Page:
The Sidmouth diarist and artist Peter Orlando Hutchinson recalled the circumstances, if not the exact date, of the destruction:
It is necessary for a carriage to go round the head of the valley by Slade, in order to reach Weston House, the ruins of which are seen at a distance. This mansion, when the property of Stuckey Bartlett, Esq., was consumed by fire, and has never been rebuilt. The author went over with some school-fellows the next day, and burnt the soles of his shoes among the still smouldering ruins. He brought back a mass of lead, which had run off the roof in a moulten state, and had formed itself into a heap on the ground, where the drops had cooled as they fell. The marble mantel pieces, burnt into lime, could be easily broken with the hands, like a biscuit.
- p.89, A new guide to Sidmouth and the neighbourhood, Peter Orlando Hutchinson, 1857
Sacred to the Memory of / John Stuckey of Weston Esqr - / the only surviving issue of Robert Stuckey Esqr - and Mary his excellent wife / the sole daughter and heiress of William Bartlett of Hole in this Parish Gent. / His Superior Talents, elegant accomplishments / and many estimable Qualities, amply fitted him for the most refined Society, and his knowledge in the Laws of his Country ; highly qualified him for the very important Duties of a Magistrate, which he discharged / with the greatest independence and integrity, and with consummate Ability, and though advanced Years / and their Infirmities, occasioned his retirement from the World / yet he preserved to the last, those active Powers of Mind and Memory, for which he had been so eminently / conspicuous through Life. / He died unmarried on the 26 th day of January 1810, aged 91 years. /But the parish register has this rather snarky entry:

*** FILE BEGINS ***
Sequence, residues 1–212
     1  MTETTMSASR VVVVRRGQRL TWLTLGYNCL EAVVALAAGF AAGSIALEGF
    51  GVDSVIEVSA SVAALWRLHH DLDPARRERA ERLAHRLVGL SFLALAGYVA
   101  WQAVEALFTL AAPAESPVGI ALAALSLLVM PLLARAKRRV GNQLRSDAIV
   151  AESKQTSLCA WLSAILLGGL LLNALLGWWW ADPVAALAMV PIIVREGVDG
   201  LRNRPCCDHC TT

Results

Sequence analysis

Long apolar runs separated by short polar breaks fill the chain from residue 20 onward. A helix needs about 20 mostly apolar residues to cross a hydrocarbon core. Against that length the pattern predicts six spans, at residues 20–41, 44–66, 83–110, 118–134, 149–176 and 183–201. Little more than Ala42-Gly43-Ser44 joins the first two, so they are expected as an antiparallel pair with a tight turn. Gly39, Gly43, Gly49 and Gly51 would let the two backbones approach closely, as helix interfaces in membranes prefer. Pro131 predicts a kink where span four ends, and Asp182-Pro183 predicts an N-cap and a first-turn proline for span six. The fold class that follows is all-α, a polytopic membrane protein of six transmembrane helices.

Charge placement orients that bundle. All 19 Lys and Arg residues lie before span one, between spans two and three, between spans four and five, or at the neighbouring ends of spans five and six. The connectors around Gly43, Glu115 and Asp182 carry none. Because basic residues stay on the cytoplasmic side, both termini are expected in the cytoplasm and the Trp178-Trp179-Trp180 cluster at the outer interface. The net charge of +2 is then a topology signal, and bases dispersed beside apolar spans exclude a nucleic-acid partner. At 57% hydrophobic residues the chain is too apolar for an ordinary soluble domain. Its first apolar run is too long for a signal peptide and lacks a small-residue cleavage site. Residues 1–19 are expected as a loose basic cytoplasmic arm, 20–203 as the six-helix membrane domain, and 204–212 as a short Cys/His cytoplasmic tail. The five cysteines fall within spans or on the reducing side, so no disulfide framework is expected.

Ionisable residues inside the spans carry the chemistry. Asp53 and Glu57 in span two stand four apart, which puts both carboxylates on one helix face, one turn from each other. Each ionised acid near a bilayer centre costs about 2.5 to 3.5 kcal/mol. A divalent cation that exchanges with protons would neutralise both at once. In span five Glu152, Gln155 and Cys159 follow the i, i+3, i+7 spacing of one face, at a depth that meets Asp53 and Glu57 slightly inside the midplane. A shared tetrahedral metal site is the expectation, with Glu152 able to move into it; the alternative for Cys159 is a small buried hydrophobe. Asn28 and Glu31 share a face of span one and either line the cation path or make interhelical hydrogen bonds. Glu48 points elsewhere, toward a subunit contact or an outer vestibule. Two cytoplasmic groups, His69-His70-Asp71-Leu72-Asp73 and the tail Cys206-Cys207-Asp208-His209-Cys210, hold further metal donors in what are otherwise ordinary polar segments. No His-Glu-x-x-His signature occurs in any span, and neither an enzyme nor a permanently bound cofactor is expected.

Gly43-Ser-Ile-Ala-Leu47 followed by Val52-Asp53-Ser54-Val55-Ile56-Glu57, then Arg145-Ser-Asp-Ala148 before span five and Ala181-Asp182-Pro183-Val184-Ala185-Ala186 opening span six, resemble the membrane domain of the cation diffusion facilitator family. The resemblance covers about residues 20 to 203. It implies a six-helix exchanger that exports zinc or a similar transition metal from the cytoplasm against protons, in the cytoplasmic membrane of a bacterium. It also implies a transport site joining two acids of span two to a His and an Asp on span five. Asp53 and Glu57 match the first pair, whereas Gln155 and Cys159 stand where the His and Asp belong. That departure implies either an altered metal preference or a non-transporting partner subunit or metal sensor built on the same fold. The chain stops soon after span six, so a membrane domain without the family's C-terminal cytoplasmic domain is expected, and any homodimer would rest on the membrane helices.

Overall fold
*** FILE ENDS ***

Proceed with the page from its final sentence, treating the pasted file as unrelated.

This Monument was erected by Barnaby John Stuckey Bartlett his Relation and sole executor, / In Testimony of the most grateful and affectionate Regard for his Memory. /
He died possessed of vast worldly property which, after he had long possessed without enjoying and without using, he was at length constrained to leave to others. Buried 3 February.However, the objectivity of this is uncertain, as it seems there was no love lost between the Rev Puddicombe and John Stuckey:
- Thomas Puddicombe, Brancombe parish burials register, quoted in A Guide to the Church of Saint Winifred, Branscombe, Ronald Branscombe, 1996
In a letter written in 1801, by John Stuckey, of Weston, to his cousin, Thomas Langdon, my great grandfather, he is then spoken of, "Our Methodist raving, ranting preacher, Puddicombe, is become the most intolerable scoundrel that ever a parish was cursed with”Popular or not, Stuckey was astonshingly rich, and left a large portion of his estate, including Weston House, to the abovementioned Barnaby John Bartlett (possibly a cousin):
- FEW Langdon, Devon Notes & Queries, Vol. II, Jan 1902 - Oct 1903, page 37
John Stuckey, esq. 95. He has left the bulk of his fortune, above 6000l. per annual, to his relative, B. Bartlett, esq. of the General Post-office, nephew to Mr. Palmer, of Bath. Mr. Stuckey has likewise left 3000l. per annum to Vincent Stuckey, esq. of the Treasury … Mr. Latouch and Mr. Stuckey, of Weston house, near Sidmouth, who died on the same day, are said to have possessed property to the amount of nearly a million sterling.Pursuant to John Stuckey's will [ref], Bartlett took the additional surname Stuckey - becoming Barnaby John Stuckey Bartlett - and in 1810 was granted a Royal license "to take the surname and arms of Stuckey, and to bear the arms of Stuckey quarterly" (ref: Visitation of England and Wales Notes: Volume 2 1897, page 84). He died aged 79 on March 17 1847 at Milton, near Gravesend. The Gentleman’s Magazine records “By his death various valuable estates in Devon and Somerset devolve on JC Langdon, esq. of Chard, one of the firm of Stuckey’s banking company (GM, May 1847).